Ivy is incredibly underrated. Yes, it can be quick-growing and difficult to control, but when you’ve got it in the right place, it is an excellent nectar source for the bees. The autumn flowering period helps bees to collect nectar sources as they approach winter, and once the flowers fade, the berries can be enjoyed by the birds too!

Knapweed (Centaurea scabiosa)

As things cool down in the autumn, it’s important to make sure there are still plenty of nectar sources for the bees. So, late summer blooms such as knapweed – with its bright pink-purple flowers, could stick around to provide the nourishment that our pollinating pals need.

Knapweed (Centaurea scabiosa) flower
Knapweed (Centaurea scabiosa)

Winter

Stinking Hellebore (Helleborus foetidus)

A slightly more unusual weed in the garden, but if stinking hellebore does pop up, I suggest that you give it chance to grow. This wild hellebore will give a nectar source for bees that still roam during the cold months, and is a really intriguing plant for a shady border.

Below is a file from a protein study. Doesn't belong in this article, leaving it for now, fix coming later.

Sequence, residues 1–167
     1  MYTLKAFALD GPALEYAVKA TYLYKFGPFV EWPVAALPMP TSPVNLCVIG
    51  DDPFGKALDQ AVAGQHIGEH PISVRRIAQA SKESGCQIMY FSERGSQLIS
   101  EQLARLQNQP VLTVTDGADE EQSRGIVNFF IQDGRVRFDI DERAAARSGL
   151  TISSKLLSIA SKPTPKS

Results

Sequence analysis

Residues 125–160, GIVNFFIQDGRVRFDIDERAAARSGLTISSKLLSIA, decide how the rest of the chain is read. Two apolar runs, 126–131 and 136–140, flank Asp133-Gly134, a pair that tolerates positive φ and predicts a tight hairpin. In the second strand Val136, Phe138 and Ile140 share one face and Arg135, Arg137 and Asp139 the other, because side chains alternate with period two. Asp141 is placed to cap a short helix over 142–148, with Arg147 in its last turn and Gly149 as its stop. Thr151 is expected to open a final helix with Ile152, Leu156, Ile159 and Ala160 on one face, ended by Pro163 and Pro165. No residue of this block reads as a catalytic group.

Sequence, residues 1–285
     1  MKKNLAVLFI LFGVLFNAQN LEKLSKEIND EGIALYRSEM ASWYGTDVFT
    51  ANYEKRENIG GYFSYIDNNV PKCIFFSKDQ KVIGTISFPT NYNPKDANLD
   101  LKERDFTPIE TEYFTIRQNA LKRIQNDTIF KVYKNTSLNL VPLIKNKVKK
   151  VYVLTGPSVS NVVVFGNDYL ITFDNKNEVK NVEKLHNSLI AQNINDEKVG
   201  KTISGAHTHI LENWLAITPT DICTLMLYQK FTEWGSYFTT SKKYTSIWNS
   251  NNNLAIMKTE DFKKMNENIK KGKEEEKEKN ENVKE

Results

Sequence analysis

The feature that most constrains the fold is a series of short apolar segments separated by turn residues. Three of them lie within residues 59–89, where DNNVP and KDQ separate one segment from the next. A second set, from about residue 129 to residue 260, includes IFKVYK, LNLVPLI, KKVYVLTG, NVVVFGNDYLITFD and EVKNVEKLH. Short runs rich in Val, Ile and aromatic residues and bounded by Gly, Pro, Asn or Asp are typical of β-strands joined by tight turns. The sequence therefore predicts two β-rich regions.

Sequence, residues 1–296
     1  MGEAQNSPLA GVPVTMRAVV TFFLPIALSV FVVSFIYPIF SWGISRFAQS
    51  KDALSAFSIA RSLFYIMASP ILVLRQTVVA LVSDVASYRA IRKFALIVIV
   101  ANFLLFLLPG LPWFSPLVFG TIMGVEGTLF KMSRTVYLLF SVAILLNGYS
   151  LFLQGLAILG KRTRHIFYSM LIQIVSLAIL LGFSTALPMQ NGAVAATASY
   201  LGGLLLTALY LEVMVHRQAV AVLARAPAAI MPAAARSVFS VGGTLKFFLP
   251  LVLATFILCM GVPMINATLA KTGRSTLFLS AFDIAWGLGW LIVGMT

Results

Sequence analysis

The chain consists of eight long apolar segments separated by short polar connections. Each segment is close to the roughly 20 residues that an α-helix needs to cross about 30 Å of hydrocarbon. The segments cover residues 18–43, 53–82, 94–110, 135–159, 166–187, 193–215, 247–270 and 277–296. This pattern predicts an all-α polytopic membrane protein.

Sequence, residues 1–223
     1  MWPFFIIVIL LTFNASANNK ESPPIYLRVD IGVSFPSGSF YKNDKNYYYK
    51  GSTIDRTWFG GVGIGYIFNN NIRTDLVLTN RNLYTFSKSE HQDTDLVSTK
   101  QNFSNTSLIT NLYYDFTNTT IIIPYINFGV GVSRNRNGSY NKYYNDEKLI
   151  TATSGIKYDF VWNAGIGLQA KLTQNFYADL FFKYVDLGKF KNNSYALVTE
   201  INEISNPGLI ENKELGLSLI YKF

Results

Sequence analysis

Chickweed (Stellaria media)

It may come as some surprise to you, but this alleged weed is actually rather useful in the garden. Not only is it edible, and rather tasty, but it also acts as a low season nectar source for bees. It’s about time you let a little patch grow, I dare you!

Deadnettle (Lamium purpureum)

The winter months are especially important, as some bees will still be looking for nectar sources. Deadnettle flowers through the cooler months and looks really brilliant. Leave them in the border, or even put a few up into patio containers to add some wonderful winter colour.

Deadnettle (Lamium purpureum) flower
Deadnettle (Lamium purpureum)

Allowing nature to shape our gardens can actually bring more nature in, whether that’s bees, butterflies, or a host of other wildlife. And the best thing of all, you don’t even have to go out and buy any plants!